Yom Kippur War

The Yom Kippur War

The Yom Kippur War (also known as the Ramadan War and the October War) was without doubt Israel’s most traumatic war since the War of Independence at Israel’s birth in 1948. Beginning as a surprise attack by Egypt on Oct. 6. 1973, across the Suez Canal into the Sinai Peninsula (held by Israel since the Six-Day War of 1967) and accompanied by a joint attack from Syria on the Golan Heights, the double assault caught Israel off guard on Yom Kippur, the holiest day in the Jewish calendar. (It was also undertaken during the Muslim holy month of Ramadan.)  Israel had only minimum forces in place. When war broke out, orders were immediately given for the assembly of reserve soldiers in Israel, and many men were plucked from synagogues and homes all over the country to report for duty.

Massive forces of Soviet supplied and trained Egyptian and Syrian armor, artillery, air and  infantry units were thrown against the sparse Israeli forces by the opposing Arab armies, causing not only extensive instant casualties among the Israeli defenders  but also loss of territory. There was widespread apprehension in Israel that it would be overrun, threatening the very continued existence of the Jewish state. The first Israeli counterattacks failed against both Egypt and Syria, however, Israeli air and ground attacks soon repelled the Syrian forces and pushed them back further into Syria. The Israel Defense Forces (IDF) came within 40 kilometers of the Syrian capital Damascus. And, after falling back in the Sinai in the face of overwhelming Egyptian forces, the IDF successfully counterattacked, splitting the Egyptian forces, crossing the Suez Canal and surrounding the Egyptian Third Army.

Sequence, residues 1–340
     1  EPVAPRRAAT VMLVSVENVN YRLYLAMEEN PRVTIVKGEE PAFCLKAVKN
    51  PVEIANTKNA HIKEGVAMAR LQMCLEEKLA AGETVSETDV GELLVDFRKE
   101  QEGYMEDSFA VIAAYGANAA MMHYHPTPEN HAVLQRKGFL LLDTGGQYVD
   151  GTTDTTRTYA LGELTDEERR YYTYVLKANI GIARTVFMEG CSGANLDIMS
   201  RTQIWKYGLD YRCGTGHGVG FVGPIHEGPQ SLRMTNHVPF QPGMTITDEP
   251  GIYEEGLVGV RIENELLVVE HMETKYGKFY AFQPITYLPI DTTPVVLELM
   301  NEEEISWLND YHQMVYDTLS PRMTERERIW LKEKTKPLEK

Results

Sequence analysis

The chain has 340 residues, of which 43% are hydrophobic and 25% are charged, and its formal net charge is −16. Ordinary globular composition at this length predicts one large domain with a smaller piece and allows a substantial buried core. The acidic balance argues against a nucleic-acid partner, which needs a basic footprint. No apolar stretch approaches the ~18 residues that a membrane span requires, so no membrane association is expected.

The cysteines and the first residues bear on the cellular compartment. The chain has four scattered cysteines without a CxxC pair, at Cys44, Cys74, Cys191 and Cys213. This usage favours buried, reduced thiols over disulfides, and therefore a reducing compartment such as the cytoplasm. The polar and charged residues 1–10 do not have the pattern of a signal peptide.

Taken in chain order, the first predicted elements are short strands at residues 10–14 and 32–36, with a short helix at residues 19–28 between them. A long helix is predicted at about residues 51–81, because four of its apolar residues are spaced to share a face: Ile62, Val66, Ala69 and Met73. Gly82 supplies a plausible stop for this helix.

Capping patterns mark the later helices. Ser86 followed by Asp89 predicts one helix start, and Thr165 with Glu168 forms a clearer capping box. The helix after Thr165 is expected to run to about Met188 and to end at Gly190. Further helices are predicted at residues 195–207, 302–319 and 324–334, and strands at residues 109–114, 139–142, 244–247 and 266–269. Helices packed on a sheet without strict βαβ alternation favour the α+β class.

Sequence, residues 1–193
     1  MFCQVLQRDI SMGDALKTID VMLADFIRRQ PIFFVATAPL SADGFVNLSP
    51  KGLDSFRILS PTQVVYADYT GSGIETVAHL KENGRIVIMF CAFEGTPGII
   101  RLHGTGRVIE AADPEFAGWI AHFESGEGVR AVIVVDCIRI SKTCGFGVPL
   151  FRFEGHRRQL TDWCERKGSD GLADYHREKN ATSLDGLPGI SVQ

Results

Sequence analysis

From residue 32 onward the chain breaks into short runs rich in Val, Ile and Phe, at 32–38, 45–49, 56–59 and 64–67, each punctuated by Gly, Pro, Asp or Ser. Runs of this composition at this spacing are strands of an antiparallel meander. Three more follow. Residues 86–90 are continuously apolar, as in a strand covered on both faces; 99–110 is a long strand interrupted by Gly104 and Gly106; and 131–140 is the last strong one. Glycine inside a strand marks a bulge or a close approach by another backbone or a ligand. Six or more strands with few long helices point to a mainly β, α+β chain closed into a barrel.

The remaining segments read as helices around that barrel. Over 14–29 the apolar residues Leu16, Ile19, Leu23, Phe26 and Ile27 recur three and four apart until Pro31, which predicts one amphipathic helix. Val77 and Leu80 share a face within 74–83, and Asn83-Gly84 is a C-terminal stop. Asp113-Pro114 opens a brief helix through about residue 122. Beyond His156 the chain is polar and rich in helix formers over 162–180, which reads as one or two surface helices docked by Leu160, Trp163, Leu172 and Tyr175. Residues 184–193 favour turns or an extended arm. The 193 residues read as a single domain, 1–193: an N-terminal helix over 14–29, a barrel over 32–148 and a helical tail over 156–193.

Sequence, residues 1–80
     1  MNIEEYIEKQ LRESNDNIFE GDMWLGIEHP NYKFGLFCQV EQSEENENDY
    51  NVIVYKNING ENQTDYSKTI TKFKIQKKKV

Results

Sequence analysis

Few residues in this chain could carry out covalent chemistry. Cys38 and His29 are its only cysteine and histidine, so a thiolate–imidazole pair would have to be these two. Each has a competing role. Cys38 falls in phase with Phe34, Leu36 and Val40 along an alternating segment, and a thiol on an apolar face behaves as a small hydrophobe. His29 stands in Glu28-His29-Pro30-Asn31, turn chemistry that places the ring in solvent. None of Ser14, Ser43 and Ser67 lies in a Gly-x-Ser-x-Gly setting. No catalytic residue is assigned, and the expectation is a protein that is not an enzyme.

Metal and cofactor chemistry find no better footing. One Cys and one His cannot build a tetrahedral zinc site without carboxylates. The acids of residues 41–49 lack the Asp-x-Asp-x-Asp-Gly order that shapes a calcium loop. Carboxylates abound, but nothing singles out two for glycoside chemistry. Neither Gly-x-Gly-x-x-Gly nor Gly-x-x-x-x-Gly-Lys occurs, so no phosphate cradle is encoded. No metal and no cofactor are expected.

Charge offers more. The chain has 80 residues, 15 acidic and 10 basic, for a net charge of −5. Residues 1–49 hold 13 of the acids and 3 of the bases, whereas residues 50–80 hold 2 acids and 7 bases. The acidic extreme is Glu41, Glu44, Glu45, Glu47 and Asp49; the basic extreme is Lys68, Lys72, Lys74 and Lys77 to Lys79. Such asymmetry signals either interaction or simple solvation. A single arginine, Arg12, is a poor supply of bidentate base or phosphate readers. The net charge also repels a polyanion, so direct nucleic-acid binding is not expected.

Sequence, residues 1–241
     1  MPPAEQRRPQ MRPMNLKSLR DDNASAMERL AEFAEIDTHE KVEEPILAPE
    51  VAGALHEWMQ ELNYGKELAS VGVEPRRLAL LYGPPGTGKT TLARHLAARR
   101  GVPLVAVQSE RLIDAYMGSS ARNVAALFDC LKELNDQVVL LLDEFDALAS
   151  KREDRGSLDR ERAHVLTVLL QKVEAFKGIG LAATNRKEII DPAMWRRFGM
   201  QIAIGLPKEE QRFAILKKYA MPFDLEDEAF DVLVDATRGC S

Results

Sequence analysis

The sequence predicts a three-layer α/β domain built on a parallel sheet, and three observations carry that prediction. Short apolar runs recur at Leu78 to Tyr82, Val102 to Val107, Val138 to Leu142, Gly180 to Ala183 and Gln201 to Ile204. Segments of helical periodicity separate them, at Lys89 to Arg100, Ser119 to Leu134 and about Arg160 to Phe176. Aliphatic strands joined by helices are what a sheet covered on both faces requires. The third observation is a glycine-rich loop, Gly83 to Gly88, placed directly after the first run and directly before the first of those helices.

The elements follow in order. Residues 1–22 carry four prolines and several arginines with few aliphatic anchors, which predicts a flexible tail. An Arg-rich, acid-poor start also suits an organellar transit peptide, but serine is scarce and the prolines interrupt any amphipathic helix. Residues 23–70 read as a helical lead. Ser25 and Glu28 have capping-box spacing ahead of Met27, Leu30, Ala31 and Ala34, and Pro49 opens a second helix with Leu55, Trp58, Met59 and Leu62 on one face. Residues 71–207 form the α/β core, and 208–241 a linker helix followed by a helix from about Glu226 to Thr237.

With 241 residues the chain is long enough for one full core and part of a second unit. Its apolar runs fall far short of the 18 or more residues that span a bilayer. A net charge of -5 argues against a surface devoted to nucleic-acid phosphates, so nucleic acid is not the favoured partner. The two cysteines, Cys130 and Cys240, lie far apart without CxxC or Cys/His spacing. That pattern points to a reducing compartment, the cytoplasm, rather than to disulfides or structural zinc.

An urgent call was made by Israel to the United States for immediate supplies to continue the fight. The US responded with an around-the-clock airlift of equipment, while the Soviet Union initiated its own massive military resupply effort to its Arab allies, leading to a near-confrontation between the two nuclear superpowers.

Eventually, a United Nations Security Council resolution calling for a ceasefire was passed and went into effect on Oct. 25, 1973, ending the war on both fronts.

After the war, Egypt and Israel reached an agreement to separate their forces. Israel withdrew from the areas it had captured in Egypt, and Egyptian forces remained in the places they had secured in the Sinai. There was a large distance between Egyptian and Israeli forces in the Sinai as part of the agreement.

Israel also held negotiations with Syria and agreed to withdraw from the places they had captured in Syria, but they stayed in the Golan Heights. Egypt and Israel furthered their negotiations, and in 1979 they signed the Egypt-Israel Peace Treaty, the first peace treaty between Israel and an Arab state. The treaty brought peace between the two countries, as Israel withdrew from the whole Sinai and returned it to Egypt. The treaty still holds to this day.

The war is still regarded in Israel as a near-miraculous turnaround of feared defeat into victory, but one achieved at a great cost of Israeli lives and damaged morale. In Egypt, the war is seen even today as a victory for Egyptian honor, courage and restoration of territory despite the obvious military defeat. Syria obviously sustained a humiliating defeat with no gains, and remains a belligerent state bordering Israel.